‘I don’t have one,’ I reply, and explain the situation to him.

‘You are illegal!’ he states.

‘It’s not my fault there is no one at Tijuana,’ I argue.

He is unconcerned with this and orders me to gather up my things and get off the bus. Outside I am subjected to a thorough search by him and a colleague. They are convinced I’m carrying drugs and pull absolutely everything out of my bag, delve through all my pockets, scrutinising everything, questioning me constantly.

‘You have drugs?’ he asks time and time again.

‘No I don’t have any drugs,’ I repeat.

‘Why are you here?’

‘I’m on holiday.’

I am then subjected to a body search and the guy grabs my crotch – a bit too hard for my liking – to see if I had shoved the drugs down there. At god-knows what time in the morning my restraint is admirable. The other guy is going through my wallet.

‘A visa card,’ he says to his colleague, as he pulls out my bankcard.

Perhaps they are hinting for a bribe? I think to myself. Should I? But if I do it could only make them more suspicious. My other fear is that they might plant something on me, throw me in prison and demand $1000 US for my release. I had travelled Mexico enough to know that this sort of thing went on in these remote parts. When he hands back my wallet I put it straight back in my pocket.

The bus driver is becoming impatient and soon closes the door and starts moving off. Panic strikes at the thought of being stuck in the middle of nowhere with these two dodgy-looking policemen. Instantly I grab my backpack and sprint off towards the bus, to the surprise of the policemen, and bang on the door.

‘¡No me dejas aquí (don’t leave me here)!’ I shout.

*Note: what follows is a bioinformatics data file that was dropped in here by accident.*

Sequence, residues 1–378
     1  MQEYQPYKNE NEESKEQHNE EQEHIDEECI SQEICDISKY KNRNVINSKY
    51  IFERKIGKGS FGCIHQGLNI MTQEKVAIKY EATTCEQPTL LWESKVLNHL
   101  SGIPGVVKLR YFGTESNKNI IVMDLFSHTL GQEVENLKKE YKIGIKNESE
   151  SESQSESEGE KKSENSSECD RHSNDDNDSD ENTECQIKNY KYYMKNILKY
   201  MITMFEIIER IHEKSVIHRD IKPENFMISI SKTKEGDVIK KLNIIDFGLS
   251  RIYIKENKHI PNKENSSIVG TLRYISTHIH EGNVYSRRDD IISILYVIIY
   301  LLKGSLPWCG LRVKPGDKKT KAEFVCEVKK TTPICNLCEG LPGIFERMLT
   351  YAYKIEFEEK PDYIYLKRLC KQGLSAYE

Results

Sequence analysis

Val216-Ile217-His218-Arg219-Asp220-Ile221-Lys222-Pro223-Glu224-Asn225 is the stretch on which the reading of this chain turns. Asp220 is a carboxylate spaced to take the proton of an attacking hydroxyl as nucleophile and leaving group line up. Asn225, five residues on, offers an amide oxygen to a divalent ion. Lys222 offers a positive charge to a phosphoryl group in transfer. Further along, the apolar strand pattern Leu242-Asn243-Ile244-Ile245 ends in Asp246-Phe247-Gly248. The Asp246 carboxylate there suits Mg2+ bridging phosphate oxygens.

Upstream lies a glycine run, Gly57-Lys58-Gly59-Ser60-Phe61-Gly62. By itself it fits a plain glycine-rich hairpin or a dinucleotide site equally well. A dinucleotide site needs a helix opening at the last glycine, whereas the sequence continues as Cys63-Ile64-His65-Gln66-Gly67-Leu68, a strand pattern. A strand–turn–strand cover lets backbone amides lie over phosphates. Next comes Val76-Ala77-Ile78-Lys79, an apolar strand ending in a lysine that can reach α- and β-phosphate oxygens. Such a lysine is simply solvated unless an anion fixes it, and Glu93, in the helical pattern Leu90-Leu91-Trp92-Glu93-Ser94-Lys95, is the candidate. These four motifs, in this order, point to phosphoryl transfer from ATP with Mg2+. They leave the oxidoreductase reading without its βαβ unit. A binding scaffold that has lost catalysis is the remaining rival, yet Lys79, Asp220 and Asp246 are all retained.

The policemen come chasing after me.

‘Where are you going?’ shouts one of them.

‘He is going to leave without me!’ I reply.

‘This is an inspection, he is not going anywhere. What are you worried about?’

‘I’m sorry,’ I reply, as my heartbeat returns to its normal pace, ‘I thought he was going to leave me here.’

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His suspicion aroused even more, he continues his scrutiny. He orders me to remove my shoes and then delves through them. The driver gets involved now. He is ordered to produce his bus driver’s license. I think they suspected him of working with me. After a rapid exchange of Spanish he obviously manages to convince them that I’m an all round decent guy and not a drug runner. They then allow us both to get back on and be on our way.

‘Disculpe la molestia (I’m sorry for the hassle),’ I say to the driver as we speed on down the road.

‘Don’t worry,’ he replies, ‘The police here are idiots!’

I couldn’t agree more.

Back in my seat I sit and wonder if this had all been about me not having a visa. Would it have made any difference? Or would they have put me through that regardless? After all I am the only gringo on the bus. Just to be on the safe side though, I decide that in future I am going to make sure I get that tourist visa.